Thursday, 11 October 2012

The norther brother


It had rained several days and the mind was hungover from an overdose of nothingness; a sort of a vacuum, hungover because it was bright for a few hours. It was early April, a bit early for even the pre-monsoon but the rains were on time for the prepre-monsoon. We have many of those in the Upper Siang. Like right now, in early-October, its pouring; the prepost-monsoon rain. A quick plan was made to go north to cover other villages in the district, to know about their shifting cultivation practice and possible economic opportunities. Bamut Medo, the ever-smiling gaam bura accompanied me, later I came to know he was going to have collateral benefits. He is about sixty years old, had pillioned on a bike only a few times and never for so many hours or kilometers. So after a few hours he complained of butt-ache and I duly stopped. It is such a landscape too; a stream, a river, a big tree, a beautiful panorama is always on the way. Sometimes a black eagle does a cameo too..




We pass the villages etched in the hills of Janbo, Mosing, Migging, Pango, Ningging and then Tuting, 120 km away, all the while viewing the Siang river from different angles each time with a background of a different pair of mountains' rendezvous.



We spent a day and a half in Tuting and Ningging and retracked our way to reach Pango. On the way, we crossed a bridge on the now-murky Sira paté river, since it had rained so many days. This is where the trek to the Takin hunting area for the Adis here begins. Bomdo people travel to this point on a Sumo, get off at the Sira paté and start walking. It apparently takes at least a full-days-walk from here.


The Medo clan was here too, in fact Pango was a branch of Bomdo that split and went further north. So we were more than welcome at Bamut Medo's second cousin's place. The evening meal with fresh mushrooms and rice followed the interesting conversations over rice beer we had swigged. Slowly I learnt about Pango and was convinced it was a far more remote village, cached in the hills, with no electricity or telephone network. Even the road to the village was still not complete. Below Pango though, in a shop I had seen Round-up and 2-4-D, two deadly weedicides banned in most developed countries. Its amazing how these things among others find themselves in the most remote places, I've seen hair straighteners, refrigerators, pool tables, TATA Sky, cosmetics in places with no phone network even! I guess with the arrival of televisions, everything else follows.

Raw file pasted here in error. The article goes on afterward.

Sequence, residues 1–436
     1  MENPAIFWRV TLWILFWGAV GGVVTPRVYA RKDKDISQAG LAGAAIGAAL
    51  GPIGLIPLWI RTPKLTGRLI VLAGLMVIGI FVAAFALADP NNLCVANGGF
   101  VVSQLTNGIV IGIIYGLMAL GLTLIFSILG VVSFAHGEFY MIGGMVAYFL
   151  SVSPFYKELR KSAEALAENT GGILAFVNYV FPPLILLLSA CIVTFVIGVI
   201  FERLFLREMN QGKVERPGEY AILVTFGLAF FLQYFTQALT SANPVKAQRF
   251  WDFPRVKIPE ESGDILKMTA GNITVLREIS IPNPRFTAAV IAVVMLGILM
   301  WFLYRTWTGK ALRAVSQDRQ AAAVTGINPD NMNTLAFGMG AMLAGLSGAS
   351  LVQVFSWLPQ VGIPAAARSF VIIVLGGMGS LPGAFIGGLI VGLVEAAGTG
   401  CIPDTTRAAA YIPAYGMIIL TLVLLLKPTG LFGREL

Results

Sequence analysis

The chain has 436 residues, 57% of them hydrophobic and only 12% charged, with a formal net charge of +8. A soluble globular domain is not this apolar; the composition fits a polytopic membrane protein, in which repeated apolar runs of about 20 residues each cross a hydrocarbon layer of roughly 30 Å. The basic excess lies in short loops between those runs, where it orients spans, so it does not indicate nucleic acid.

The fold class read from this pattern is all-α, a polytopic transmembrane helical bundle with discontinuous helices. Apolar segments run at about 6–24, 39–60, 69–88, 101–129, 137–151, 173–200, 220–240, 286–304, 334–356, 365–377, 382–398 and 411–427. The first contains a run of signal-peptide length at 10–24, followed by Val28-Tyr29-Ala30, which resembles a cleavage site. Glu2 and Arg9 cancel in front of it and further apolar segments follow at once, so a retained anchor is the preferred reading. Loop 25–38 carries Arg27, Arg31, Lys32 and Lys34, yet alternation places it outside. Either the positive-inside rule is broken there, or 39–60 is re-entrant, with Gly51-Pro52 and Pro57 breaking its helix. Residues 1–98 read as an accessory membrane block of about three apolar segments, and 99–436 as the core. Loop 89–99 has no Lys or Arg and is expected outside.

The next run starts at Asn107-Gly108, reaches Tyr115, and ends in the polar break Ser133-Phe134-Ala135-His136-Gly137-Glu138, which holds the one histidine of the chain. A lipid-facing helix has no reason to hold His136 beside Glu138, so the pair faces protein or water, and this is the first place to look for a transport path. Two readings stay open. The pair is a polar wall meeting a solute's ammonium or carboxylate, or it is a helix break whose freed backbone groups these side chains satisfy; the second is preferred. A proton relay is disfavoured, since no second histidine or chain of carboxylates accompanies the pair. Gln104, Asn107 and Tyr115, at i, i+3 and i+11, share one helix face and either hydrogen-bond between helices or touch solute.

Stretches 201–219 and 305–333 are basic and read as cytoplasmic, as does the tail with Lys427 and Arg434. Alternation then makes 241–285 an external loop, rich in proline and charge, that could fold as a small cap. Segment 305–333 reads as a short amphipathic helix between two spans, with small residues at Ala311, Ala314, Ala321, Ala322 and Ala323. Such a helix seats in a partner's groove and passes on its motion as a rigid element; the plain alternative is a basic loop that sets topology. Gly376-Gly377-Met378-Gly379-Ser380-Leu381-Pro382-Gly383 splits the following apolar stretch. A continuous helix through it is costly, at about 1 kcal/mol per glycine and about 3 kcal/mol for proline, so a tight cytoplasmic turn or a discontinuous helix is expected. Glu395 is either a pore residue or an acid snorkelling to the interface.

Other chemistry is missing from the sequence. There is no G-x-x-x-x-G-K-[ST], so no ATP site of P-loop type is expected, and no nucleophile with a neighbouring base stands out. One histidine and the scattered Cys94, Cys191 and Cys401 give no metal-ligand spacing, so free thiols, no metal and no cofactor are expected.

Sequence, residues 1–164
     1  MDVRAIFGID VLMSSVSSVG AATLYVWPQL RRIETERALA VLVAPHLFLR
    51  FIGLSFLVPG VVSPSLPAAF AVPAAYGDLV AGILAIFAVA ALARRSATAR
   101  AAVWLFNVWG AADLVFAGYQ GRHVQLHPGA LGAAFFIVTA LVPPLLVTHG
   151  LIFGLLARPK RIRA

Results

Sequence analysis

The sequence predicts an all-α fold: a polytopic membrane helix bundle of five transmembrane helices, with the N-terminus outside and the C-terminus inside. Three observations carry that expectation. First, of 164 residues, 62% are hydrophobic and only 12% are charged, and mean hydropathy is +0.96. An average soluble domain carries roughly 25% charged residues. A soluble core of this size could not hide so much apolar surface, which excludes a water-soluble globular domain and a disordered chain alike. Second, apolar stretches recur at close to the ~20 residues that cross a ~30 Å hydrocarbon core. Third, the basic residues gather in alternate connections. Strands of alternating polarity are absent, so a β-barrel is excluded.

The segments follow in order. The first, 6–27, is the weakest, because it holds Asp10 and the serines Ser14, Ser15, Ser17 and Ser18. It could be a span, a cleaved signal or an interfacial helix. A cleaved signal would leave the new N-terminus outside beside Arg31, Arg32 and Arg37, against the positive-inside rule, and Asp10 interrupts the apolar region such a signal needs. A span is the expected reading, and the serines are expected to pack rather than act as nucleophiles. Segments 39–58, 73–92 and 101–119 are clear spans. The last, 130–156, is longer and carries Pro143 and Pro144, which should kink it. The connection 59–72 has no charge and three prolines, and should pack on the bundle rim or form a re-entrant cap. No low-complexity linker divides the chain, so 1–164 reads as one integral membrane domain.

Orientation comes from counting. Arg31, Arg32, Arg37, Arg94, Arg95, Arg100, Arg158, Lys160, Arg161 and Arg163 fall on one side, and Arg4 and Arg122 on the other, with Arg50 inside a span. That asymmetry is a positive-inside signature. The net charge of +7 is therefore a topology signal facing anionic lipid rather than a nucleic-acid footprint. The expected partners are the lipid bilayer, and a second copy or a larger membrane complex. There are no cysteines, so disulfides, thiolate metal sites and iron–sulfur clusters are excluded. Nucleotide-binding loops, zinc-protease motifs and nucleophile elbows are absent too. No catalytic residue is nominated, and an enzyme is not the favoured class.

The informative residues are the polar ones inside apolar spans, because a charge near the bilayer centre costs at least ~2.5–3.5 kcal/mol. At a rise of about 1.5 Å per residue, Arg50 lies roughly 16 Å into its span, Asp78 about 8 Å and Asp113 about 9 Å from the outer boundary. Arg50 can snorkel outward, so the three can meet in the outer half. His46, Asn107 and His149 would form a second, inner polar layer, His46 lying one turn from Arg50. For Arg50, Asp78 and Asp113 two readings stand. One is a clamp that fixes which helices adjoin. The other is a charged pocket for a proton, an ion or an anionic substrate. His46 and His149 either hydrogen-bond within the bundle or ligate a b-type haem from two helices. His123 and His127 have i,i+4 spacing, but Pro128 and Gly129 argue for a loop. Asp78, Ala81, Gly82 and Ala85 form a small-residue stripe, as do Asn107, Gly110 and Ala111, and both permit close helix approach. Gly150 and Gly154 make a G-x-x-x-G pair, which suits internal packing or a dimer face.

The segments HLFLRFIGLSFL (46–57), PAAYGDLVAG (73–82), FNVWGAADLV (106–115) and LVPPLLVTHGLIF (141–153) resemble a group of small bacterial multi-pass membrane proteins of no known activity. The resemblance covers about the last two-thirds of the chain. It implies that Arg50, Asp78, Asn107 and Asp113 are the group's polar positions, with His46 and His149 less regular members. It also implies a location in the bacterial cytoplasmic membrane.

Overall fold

The Pango folks make at least three trips a year for the Takin hunt, Bamut Medo's cousin's husband tells me. In fact while we were sitting there in April, a group had gone into the hills to hunt Takin! Then, Bamut asks his brother-in-law for two Takin horns as souvenirs. In Bomdo, among 65 households I think only 6 - 7 households have the Takin horns hunted by the Bomdians. And the next day while we leave late morning, these horns adorned my bike. Star City - Definitely Male with the male Takin horns!



In the morning, we met an old lady, Bamut's first cousin, twice removed, close to a hundred years old, living with her husband. They lived in a separate home this lovely old couple. They also grew the local tobacco called kusér, which is almost locally extinct. They exchanged updates while I looked at a persistent rat trying to pick the rice in the house. Updates about who was born and who had passed on. I was amazed that this kind of information in the times of twitter, facebook, mobile phones and internet gets passed on once in few years! I pointed the rat to the old lady who duly caught it by the tail and whacked it on the bamboo floor a few times, ensured its dead and offered it to the dogs at home who reluctantly nipped at it. 

The return trip was mostly uneventful, we stopped by below Migging village for a quick rum in the cold, and oh before that there was a landslide before the Sira paté. I pushed the bike up and slid down with the bike and then we went along. I think four-wheelers were stuck at this point for the day. 



I look forward to spending some more time in Pango this year. More takin-hunts every year, more people have been to the Indo-Tibet border here and is definitely more remote. Surely there is more to know and write about this place. Watch this space...for more updates about Pango, Bomdo's elder brother!